Google+ is having an identity crisis. It doesn't know whether it wants to be a social network or a datamining racket. Despite its having been around since the 90s it somehow fails to realize that there are many levels of personae on the Internet and that there is no simple black and white when categorizing them for inclusion.
Let's go over the key categories so Google has a point of reference. They obviously haven't been looking at their own search results (and they used to be the cool search engine)...
1. RL. That's it. Real name. Actual location. They're either posted for business networking or for staying in touch with family and friends. Fair game for knew-you-when types and people from Jr High you don't miss. Also fair game if you met someone on a dating site or went into RL Mode with a virtual relationship and they're stalking you and your friends list.
2. Real but Protected. This can take many forms, particularly initialled or using a false name known only by your "inner circle" for the purpose of convenient remote interaction with a specific group of people and no access to profile specifics from outsiders. Can be confused with 3.
3. Virtual identity. A combination of 1 & 2. It protects the offline identity but serves a genuine purpose for people who have forged relationships and contacts online. Even in some cases the virtual identity is used for business contacts on an overt level while individuals may know eachother offline. Virtual and real are not so different except that one gets the bills; online they take on the same nontangible form. I've been using them since 1996. I have more friends and acquaintances online, particularly since all my local friends moved away from the area. I've touched many lives and have been enriched by many lives. No corporate entity has a right to judge the quality of my life based on my onliine name or profile image, which says at least as much about me than someone who posts a picture of their cat or baby.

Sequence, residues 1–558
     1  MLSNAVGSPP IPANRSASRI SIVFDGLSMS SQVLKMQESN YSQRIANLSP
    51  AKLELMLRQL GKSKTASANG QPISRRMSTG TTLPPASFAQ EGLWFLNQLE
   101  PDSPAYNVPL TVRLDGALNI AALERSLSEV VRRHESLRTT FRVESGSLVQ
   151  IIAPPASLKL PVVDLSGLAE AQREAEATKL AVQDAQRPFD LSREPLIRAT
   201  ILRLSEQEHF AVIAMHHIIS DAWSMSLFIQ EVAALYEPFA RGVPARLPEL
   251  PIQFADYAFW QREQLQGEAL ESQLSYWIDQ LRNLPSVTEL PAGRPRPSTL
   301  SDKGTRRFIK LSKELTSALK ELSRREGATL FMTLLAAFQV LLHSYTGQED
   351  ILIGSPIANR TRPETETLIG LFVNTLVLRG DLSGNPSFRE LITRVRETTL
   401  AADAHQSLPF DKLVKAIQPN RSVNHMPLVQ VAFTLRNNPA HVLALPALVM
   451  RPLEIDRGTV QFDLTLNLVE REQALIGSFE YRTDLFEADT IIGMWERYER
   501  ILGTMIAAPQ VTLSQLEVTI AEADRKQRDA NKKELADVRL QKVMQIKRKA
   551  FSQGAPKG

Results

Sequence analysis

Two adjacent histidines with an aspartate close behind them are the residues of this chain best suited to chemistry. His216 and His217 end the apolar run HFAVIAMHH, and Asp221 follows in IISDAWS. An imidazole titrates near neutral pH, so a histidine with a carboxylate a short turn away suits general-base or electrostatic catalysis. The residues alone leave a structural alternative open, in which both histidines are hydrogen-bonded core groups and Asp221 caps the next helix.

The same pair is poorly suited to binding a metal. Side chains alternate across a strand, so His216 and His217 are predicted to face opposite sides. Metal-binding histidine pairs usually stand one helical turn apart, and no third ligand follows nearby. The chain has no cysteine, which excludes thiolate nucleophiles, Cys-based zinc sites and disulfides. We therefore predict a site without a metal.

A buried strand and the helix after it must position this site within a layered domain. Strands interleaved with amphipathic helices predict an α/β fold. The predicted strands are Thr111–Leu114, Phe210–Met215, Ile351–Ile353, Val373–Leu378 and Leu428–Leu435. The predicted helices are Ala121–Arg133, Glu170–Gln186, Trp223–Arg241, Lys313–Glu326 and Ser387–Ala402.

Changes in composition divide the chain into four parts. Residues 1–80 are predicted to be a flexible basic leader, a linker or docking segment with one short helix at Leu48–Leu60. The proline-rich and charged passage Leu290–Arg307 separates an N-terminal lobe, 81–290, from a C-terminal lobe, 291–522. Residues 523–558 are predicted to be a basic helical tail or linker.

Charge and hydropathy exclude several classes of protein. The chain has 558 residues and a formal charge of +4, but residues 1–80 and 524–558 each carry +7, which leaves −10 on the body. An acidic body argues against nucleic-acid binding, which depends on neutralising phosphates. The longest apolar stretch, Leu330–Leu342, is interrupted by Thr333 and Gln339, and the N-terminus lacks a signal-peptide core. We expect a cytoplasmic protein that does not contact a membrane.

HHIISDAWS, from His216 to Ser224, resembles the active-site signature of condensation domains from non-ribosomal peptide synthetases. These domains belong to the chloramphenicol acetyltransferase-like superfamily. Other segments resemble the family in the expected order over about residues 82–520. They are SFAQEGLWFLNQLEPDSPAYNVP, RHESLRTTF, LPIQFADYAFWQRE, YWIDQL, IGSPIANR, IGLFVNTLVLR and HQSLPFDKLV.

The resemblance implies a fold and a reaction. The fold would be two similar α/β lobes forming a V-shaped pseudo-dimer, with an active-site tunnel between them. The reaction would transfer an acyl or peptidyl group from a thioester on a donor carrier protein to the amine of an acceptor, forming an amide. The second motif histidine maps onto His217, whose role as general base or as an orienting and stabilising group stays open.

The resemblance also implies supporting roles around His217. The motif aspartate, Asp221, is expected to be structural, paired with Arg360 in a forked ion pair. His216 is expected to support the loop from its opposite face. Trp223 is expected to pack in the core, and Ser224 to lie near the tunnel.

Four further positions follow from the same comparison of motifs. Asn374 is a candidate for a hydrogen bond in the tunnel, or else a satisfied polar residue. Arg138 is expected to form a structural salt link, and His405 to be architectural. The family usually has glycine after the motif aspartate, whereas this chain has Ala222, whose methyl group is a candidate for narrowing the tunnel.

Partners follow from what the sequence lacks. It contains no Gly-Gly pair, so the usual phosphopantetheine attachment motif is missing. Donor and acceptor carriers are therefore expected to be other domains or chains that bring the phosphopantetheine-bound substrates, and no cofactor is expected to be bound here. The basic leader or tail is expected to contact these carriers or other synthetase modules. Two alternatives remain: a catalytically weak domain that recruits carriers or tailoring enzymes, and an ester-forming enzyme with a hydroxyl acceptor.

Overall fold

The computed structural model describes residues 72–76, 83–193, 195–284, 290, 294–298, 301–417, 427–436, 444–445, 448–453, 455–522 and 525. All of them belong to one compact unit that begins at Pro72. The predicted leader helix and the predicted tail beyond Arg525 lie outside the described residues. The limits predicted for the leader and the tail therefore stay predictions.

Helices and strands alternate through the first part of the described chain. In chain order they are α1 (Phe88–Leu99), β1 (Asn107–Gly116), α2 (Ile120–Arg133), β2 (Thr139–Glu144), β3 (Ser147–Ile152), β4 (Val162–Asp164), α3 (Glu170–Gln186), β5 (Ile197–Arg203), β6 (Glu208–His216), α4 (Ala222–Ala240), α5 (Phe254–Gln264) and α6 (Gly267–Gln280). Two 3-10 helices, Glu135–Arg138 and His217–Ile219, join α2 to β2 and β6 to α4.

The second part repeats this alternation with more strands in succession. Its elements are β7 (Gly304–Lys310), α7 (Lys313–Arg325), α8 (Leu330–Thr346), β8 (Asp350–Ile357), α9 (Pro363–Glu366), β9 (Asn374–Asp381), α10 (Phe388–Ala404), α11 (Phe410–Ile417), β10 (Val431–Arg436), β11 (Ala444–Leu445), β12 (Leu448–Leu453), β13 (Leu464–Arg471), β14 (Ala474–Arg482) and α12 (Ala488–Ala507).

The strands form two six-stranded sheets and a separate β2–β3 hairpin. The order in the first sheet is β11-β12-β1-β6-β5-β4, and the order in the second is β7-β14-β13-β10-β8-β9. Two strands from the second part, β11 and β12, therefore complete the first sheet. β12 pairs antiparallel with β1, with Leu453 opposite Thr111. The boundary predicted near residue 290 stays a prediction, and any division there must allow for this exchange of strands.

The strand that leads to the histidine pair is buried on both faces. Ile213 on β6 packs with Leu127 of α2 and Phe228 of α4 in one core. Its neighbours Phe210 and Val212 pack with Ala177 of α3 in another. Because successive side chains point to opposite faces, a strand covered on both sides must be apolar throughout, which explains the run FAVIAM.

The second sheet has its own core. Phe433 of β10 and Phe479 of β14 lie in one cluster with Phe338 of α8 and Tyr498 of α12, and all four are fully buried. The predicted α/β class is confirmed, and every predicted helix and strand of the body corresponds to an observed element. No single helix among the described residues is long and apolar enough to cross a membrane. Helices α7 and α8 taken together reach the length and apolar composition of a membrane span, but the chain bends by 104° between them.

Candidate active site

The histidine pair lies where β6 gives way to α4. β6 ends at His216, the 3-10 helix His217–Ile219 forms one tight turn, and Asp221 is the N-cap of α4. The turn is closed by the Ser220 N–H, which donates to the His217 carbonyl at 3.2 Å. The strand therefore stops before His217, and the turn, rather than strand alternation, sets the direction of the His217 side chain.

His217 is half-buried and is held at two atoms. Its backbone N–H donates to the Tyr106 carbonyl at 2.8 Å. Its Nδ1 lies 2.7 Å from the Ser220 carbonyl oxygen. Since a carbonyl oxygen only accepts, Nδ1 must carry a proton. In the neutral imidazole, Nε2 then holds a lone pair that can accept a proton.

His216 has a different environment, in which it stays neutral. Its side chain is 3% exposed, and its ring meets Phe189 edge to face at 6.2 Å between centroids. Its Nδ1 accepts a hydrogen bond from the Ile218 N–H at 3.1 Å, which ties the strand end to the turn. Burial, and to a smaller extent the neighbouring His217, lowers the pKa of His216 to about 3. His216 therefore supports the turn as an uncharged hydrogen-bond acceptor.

4. Role Play identity. This in itself is a grey area category, and unfortunately the Virtual identity is lumped together with them. While this may be important to the player and their gaming friends, a roleplay identity limits their interactions to them and other game contacts. Out of Character discussion involves rules strategies and story. All considerations aside of how much time gamers spend and the limitations of their networking, they almost always have a voice in a game-related forum and dont really need or rely on general social networking sites.
5. The Façade - may be a blogger or reviewer who keeps their actual identity a secret, even may satirically take on the identity of a fictional character but obviously so. They are often witty but mostly of service to their genre community. For example "Dr Longscarf" compiles the best news links that come to him that day for Dr Who fans. He kids about being a timelord. We know he isn't one, and he's good for a debate or two when the situation calls for it.
6. The impersonator. Fake accounts for known fictional characters and celebrities. I'm following Queen Elizabeth II on Twitter. I know it's not her, but she's funny. So's Tony Stark. I can see where a social networking site such as Facebook and Google+ would object to them, and in many cases it's an act of griefing to pose as someone else. But to confuse these with types 1-3 or even 4 is ludicrous.
Google+ has to do right by the virtual community. It IS a community. Unless the US$300,000 mark we're closing in on for Relay for Life doesn't count either?